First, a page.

Executives, managers and persons with specialized knowledge who work for non-U.S companies may be transferred to U.S. companies that are subsidiaries, branches, affiliates or joint venture partners of the non-U.S. company.
We assist companies, employees, and their accompanying relatives in preparing the extensive paperwork, complying with the ever-changing rules, regulations and definitions, and coordinating matters between employer and employee. We guide the parties through decisions regarding the appropriate corporate structure and job duties, financial requirements, foreign degree evaluations, extensions of stay, and the eventual change from a temporary “L” visa to another visa, appropriate. We represent the parties’ interests before the INS in the U.S. and the consulate of the employee’s home country.
The L visa is outlined below.
L-1 visas are available for persons who have been employed outside the U.S. as a manager, executive or person with specialized knowledge for at least one of the past three years, and are transferred to the U.S. to be employed in a position that utilizes that person’s special knowledge and skills. The U.S. company must be a subsidiary, branch, affiliate, or joint venture of the non-U.S. company, and may be new entity that engages in a different line of business than that of the non-U.S. company.
L-1 Visa Privileges:
• You can be transferred to the U.S. and work legally for a U.S. company which is a subsidiary, branch, affiliate, or joint venture partner of the non-U.S. company.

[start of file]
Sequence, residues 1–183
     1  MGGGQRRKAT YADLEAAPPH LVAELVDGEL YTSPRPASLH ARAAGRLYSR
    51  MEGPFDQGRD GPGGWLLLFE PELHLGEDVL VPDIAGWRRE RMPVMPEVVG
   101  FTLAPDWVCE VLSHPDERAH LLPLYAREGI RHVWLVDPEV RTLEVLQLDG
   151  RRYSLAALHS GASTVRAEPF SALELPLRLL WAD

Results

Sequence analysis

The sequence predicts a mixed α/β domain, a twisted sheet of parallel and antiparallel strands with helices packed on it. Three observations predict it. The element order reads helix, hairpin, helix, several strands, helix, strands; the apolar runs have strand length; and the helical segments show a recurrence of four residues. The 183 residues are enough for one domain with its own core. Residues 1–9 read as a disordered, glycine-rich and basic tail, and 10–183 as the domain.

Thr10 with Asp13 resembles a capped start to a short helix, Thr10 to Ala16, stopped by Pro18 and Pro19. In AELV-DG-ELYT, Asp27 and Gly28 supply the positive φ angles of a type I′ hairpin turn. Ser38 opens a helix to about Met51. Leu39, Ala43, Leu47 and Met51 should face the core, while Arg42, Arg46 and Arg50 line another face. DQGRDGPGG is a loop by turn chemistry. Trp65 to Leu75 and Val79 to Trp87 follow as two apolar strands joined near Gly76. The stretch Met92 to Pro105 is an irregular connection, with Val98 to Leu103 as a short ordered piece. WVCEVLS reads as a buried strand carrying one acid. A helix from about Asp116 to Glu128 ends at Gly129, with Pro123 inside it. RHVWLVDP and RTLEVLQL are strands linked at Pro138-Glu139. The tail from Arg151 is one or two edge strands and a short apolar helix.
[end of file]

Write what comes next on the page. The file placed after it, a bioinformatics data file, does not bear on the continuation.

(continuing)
• The U.S company may engage in a completely different line of business than that of the non-U.S. company.
• L-2 visas are available for the spouses and children of L-1 visa holders. Spouses may work or study with the L-2 visa, and children may study.
• You may travel freely in and out of the U.S. for the term of the visa.
• If you are in an executive or managerial level position, you may obtain permanent residence status through employment by following an abbreviated procedure.
L-1 Visa Restrictions:
• You are obligated to work only for the U.S. employer who petitioned for your L-1 visa, and the U.S. and non-U.S. companies must have a subsidiary, branch, affiliate or joint venture partner relationship, as defined by U.S. immigration law.
• You must meet the definition of manager, executive or person with specialized knowledge, as those terms are defined by U.S. immigration law.
• The non-U.S. company must remain in operation while the L-1 visa is in effect.
• The L-1 visa will initially be issued for a maximum term of three years, with two year extensions permitted, for a maximum term of seven years for managers and executives, and a maximum term of five years for persons with specialized knowledge.